Reuters

The United Nations Security Council (UNSC) has praised Liberians for over the peaceful conduct of a presidential runoff that saw the election of former footballer George Weah as the new president.

“The members of the Security Council congratulated the Liberian people and government, as well as political leaders, civil society organizations, and the media for the peaceful conduct of the December 26 presidential runoff election,” the U.N. Mission in Liberia (UNMIL) said in a statement.

The UNSC also congratulated the two candidates – George Weah and outgoing veep Joseph Boakai – for the responsible conduct of their campaigns. They also reserved praise for outgoing president Ellen Johnson Sirleaf and other parties for their respective roles in the main and runoff polls.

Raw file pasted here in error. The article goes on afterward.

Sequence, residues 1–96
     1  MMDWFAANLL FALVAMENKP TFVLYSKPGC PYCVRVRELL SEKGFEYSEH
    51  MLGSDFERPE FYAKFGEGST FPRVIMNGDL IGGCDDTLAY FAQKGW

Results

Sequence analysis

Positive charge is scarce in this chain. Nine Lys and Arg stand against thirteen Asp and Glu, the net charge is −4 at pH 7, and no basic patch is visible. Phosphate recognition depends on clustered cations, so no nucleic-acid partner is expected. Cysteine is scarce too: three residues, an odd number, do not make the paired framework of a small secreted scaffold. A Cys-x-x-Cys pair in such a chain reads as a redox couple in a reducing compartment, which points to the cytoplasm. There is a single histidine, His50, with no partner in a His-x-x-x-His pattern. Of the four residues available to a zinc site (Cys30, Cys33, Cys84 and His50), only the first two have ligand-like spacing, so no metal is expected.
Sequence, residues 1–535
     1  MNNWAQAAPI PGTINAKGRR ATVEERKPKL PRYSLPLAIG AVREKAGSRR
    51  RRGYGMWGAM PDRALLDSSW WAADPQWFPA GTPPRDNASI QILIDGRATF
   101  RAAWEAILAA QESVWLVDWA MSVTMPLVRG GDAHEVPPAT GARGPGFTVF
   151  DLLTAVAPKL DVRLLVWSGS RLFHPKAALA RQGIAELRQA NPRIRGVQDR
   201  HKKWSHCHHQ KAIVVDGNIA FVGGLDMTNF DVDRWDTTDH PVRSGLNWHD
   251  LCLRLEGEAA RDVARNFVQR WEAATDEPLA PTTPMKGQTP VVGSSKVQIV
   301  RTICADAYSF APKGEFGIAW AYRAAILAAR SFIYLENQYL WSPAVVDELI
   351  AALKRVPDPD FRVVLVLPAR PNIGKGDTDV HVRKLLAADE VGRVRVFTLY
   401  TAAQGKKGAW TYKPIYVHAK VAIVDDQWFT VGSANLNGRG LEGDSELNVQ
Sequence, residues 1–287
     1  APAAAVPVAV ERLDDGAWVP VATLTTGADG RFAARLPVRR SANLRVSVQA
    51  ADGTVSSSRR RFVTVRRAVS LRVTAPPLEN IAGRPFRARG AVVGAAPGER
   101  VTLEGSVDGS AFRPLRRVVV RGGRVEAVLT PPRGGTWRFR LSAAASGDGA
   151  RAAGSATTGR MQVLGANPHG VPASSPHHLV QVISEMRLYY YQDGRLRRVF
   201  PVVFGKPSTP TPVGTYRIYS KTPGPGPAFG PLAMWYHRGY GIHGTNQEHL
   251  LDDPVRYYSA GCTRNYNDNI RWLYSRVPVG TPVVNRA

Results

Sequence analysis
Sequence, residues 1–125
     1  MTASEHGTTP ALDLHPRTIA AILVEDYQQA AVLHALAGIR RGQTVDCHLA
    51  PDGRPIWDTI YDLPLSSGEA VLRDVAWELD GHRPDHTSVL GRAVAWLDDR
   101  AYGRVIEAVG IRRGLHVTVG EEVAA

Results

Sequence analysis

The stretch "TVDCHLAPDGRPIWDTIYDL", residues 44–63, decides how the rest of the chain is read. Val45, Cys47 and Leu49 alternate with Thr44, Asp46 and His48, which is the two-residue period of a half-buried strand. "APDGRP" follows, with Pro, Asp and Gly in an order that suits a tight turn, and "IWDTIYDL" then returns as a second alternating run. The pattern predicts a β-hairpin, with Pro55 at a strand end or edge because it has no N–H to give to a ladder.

“The members of the Security Council further expressed appreciation to the Economic Community of West African States (ECOWAS), the African Union, and all international, regional, and domestic election observation missions for their contributions to the transparency of the electoral process and timely assessments,” the statement added.

UNMIL’s operations in the West African country will end on 30 March 2018 as set out in a U.N. resolution. It effectively means all security issues will be fully transferred to the Liberian forces.

The members of the Security Council noted the significance of the first peaceful transfer of power between democratically elected leaders in Liberia in over 70 years. Sirleaf will bow out on 22 January as Weah takes over the reigns.

The National Elections Commission declared the former World Footballer of the Year winner of the runoff after the main polls failed to produce a direct winner. Weah polled over 63% of votes in the runoff to emerge winner. It was his second attempt at the presidency as a candidate. He lost the first try to Sirleaf in 2006.

Get more stories like this on Twitter & Facebook

AD: To get thousands of free final year project topics and other project materials sorted by subject to help with your research [click here]